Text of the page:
Now, it would appear that the wmic command works fine, and it would appear that most of the other command works. When I run the /output:C:\\Users\\*USERNAME*\\Desktop\\InstallList .txt product get name,version command, it goes as far as creating the InstallList.txt in the correct location, but then just hanges there and I am unsure if it is working or not. I let it hang there for 4 minutes before canceling the program. After canceling, I checked the text file and it is just empty.

    The output I get is:
    >Microsoft Windows [Version 6.1.7600]
    >Copyright (c) 2009 Microsoft Corporation. All rights reserved.
    >
    >C:\Users\*USERNAME*\Documents\JCreator LE\MyProjects\ProgramFinder\classes>wmic
    What reasons would there be for this to be happening?

    Also, in order to store the output to a list, would I have to redirect the output or how does that work?
    Last edited by aussiemcgr; December 3rd, 2010 at 01:33 PM.
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    Default Re: Using JAVA to access System Resources

    I did a little reading into the wmic command you're using and you can have it output that information into the standard output instead of a file.

    It will take a while (more time if you have more programs installed or a slower computer), it took me maybe a minute or two and I have almost no programs installed on a decently fast computer.

    Try these commands:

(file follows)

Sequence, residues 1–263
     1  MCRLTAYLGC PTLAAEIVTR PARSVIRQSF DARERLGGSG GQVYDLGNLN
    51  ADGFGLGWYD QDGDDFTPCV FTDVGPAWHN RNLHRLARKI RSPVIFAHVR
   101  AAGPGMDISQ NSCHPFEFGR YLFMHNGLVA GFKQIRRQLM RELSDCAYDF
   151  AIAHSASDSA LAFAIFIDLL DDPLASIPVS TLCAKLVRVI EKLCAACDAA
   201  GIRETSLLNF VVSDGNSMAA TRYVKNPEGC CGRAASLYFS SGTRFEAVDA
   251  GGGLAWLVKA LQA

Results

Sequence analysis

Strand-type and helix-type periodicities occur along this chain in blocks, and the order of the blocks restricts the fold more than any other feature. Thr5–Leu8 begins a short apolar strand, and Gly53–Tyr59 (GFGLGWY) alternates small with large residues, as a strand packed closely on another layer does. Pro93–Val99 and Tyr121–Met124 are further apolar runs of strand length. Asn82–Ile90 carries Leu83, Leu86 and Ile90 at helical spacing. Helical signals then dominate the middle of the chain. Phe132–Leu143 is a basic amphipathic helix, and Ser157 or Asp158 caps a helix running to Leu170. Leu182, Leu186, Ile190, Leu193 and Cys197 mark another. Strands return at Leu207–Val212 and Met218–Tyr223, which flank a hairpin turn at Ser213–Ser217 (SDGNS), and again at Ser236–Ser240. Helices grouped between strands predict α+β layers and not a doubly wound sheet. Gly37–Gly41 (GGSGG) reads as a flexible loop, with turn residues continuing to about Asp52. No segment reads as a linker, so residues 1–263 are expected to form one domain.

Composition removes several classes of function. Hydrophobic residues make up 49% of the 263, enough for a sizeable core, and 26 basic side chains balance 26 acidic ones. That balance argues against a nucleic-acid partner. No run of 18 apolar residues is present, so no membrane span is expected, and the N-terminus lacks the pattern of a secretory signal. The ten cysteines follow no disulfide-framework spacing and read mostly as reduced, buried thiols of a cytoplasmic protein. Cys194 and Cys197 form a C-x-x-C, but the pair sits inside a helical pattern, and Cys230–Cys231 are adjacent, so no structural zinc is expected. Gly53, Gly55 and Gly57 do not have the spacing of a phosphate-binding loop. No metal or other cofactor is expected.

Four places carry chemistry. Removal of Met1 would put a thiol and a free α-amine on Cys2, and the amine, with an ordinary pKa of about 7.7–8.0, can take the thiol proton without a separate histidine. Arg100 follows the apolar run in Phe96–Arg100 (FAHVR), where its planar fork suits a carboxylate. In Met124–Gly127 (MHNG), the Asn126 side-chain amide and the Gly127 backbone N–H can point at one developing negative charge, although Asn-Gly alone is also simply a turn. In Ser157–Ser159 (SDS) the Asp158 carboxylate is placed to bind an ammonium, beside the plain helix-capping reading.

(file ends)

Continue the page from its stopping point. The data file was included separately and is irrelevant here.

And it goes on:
runWndCommand("wmic /output:STDOUT product get name,version");
            runWndCommand("EXIT");

    You can then capture all output from the output of the process (using the getInputStream() command )

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    Default Re: Using JAVA to access System Resources

    Quote Originally Posted by helloworld922 View Post
    I did a little reading into the wmic command you're using and you can have it output that information into the standard output instead of a file.

    It will take a while (more time if you have more programs installed or a slower computer), it took me maybe a minute or two and I have almost no programs installed on a decently fast computer.

    Try these commands:
            runWndCommand("wmic /output:STDOUT product get name,version");
            runWndCommand("EXIT");

    You can then capture all output from the output of the process (using the getInputStream() command )
    Ok, I have done all of that and now there is a snag sort of unrelated to the command line.

    I am calling this class from another class (to run a process, produce a list, and then send the list back to the main) but after it stores all of the programs in the Vector (and prints out the Vector afterwards) the rest of the program doesn't run. I think it is the thread still waiting, but I'm not sure. Any thoughts on what would cause this and how to fix it?
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  12. #10
    Super Moderator helloworld922's Avatar
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    Default Re: Using JAVA to access System Resources

    Sounds like you have some deadlocking issues. Could you post your code so we can take a look at it?